Much like Venice, Stockholm is a city built on a bunch of islands connected by bridges (I haven’t seen any gondolas here yet, but my eyes are peeled). As such, it is a great spot for a pre- or post-cruise visit, or even as an excursion on a Scandinavian cruise.
To help me learn about the city’s potential for cruisers, the Stockholm Cruise Network has brought me over to spend a few days exploring the sites and sights. All of the hotels and attractions I’ll be visiting are connected with the city’s cruise industry, and agents can arrange for excursions or longer stays with the network.
I landed early in the morning at the airport, and took the Arlanda Express right to the center of town. Encourage your clients not to waste time or money on a taxi to the airport: Public transportation is remarkably easy in Stockholm—buses and trains run frequently, and visitors can get passes and maps to help them get around. Bonus: This time of year, the water in Stockholm’s canals is warmer than the air, creating a beautiful fog that envelops the city (think San Francisco, but a bit flatter). By afternoon it’s burned off, but early in the morning it’s quite lovely.
After quickly cleaning up and changing at the Hilton Slussen Hotel (amazing view), I set off on a tour of Stockholm’s canals with Stockholm Sightseeing, getting a great view of the different islands and the different attractions on each. Afterwards, I went on a brief walking tour of Birger Jarlsgatan with Anna Alshammar of SeaScape Tours–this is where your shopaholic clients will want to come. Gucci, Louis Vuitton and numerous other name brand labels have stores here. (Also, it’s a lovely walk.)
For lunch, Anna and I joined Pia Nilsson of the Scandic Anglais, a hip and adorably quirky hotel that is part of a Scandinavian chain. (The lights outside each bedroom door are uniquely colored, creating a very pretty kaleidoscope in the hallway. Also, I heard that the weekend music scene at the hotel is very popular as well.) From there, we went to the Grand Hotel Stockholm, a historic building right on the waterfront that has expanded into its neighboring buildings over the last century. The rooms are huge, and have a very old-world sense of elegance and style. While the hotel is classic, its Raison d’Etre spa is brand new, and quite lovely. I’d been booked for a 90-minute facial and was already running late, so I didn’t get to try out all the rooms, but the Quiet Room (soundproofed, and with noise-canceling headsets) was a very nice touch, as were the numerous pools, saunas and steam rooms. Erika Lantz, my therapist, studied my complexion down to the pores and went to work at making this old mug look like new. (I was so tired by this point that I began dozing as soon as my head hit the table, and Erika was so gentle that I napped through almost the entire therapy.)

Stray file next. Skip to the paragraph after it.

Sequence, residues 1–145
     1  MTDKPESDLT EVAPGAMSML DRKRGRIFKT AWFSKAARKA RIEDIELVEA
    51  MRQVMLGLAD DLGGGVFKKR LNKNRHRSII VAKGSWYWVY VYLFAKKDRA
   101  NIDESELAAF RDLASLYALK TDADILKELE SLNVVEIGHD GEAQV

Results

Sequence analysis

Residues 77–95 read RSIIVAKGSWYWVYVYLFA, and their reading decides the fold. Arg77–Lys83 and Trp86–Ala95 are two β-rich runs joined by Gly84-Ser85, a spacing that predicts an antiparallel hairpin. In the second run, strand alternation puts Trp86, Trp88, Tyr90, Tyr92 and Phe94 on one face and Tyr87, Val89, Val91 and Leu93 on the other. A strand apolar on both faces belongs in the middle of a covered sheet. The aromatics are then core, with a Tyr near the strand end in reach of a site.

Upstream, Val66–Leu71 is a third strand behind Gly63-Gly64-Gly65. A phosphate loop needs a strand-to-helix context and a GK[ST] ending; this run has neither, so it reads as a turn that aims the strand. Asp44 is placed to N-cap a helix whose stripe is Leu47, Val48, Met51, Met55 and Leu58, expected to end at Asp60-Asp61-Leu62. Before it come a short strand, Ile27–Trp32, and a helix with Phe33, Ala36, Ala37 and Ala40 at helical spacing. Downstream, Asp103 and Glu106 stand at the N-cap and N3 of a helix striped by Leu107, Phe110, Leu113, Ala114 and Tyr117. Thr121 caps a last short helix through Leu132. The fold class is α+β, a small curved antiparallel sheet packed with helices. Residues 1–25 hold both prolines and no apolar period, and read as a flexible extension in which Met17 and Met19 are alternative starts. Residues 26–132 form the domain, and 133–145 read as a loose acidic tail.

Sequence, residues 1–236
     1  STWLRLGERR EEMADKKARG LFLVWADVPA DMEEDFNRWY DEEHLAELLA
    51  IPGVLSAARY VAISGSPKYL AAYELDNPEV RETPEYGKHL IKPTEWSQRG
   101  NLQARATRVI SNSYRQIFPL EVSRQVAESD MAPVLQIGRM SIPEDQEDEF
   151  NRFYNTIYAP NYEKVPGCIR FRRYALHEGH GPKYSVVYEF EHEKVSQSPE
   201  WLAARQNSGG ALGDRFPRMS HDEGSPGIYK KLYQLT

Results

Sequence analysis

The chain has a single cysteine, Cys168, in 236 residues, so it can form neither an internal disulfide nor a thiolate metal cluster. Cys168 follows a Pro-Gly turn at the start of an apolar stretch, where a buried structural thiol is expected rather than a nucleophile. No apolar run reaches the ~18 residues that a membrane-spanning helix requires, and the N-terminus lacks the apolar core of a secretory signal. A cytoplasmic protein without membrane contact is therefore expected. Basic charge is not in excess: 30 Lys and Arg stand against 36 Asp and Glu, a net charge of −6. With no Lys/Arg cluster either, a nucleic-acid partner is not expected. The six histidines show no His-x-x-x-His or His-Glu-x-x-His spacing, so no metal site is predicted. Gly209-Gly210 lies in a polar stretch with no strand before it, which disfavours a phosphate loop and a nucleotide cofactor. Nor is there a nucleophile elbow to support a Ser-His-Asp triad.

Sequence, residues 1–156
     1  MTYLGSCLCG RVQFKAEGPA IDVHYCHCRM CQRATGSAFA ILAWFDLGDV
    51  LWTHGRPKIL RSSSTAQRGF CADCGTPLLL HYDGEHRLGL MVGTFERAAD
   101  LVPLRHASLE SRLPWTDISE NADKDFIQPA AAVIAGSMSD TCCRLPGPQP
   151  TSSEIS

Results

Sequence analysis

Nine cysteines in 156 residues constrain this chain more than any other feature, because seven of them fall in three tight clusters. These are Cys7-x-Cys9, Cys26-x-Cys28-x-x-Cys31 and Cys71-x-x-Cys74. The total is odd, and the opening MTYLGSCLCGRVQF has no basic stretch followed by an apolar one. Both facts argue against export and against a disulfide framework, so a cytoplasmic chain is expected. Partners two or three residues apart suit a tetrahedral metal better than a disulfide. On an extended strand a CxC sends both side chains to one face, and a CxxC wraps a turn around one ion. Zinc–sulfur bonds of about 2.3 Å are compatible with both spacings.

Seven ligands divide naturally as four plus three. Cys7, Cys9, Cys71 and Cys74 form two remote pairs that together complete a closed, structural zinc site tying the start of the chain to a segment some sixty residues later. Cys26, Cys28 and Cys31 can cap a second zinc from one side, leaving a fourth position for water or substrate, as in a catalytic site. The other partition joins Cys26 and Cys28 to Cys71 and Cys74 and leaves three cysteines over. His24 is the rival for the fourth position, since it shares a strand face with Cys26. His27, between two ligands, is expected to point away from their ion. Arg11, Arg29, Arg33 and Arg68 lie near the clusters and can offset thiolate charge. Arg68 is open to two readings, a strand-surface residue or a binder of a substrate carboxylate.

From there, I walked back up Birger Jarlsgatan to the Hotel Stureplan, which used to be an apartment building and offices before it was converted into a hotel. The renovation respected the building’s heritage, and it still has many features from its 100-year history. (The molded ceilings are gorgeous, and the antique elevator is a must-try). Bonus for families and groups: The hotel’s fourth floor has its own lounge, making it ideal for small meet-ups and gatherings away from the main lobby. Each of the hotel’s 100 rooms is uniquely designed, Director of Sales Amelie Stappe told me, and guests frequently return to see what different rooms look like.
Connected to Stureplan is Per Lei, an upscale (but still comfortable) Italian-inspired restaurant. I sampled the degustation menu, and so many courses were brought out that I had almost no room left for the main course, much less dessert. (The garganelli pasta with porcini mushrooms, ricotta salata and truffles was very tasty, as was the roasted cod served with a ragout of artichoke, tomato and tiger prawns.) I gave up trying to finish the cod (my waistline will thank me) and, exhausted after well over 33 hours of flying and running around two cities, caught a taxi back to the Hilton.
Good to know: Just about everybody in Stockholm seems to speak English—even the taxi drivers! Speaking of the taxis, all of them take credit cards—a wonderful thing when you don’t have any kroner on you.
Advise your clients: Bicycles are one of Stockholm’s most popular modes of transportation, and some hotels will rent or loan them to clients. Also remind them to be careful when walking around—you can hear a car coming from a ways away, but I nearly got clobbered several times by fast-moving bikes as I scampered across streets.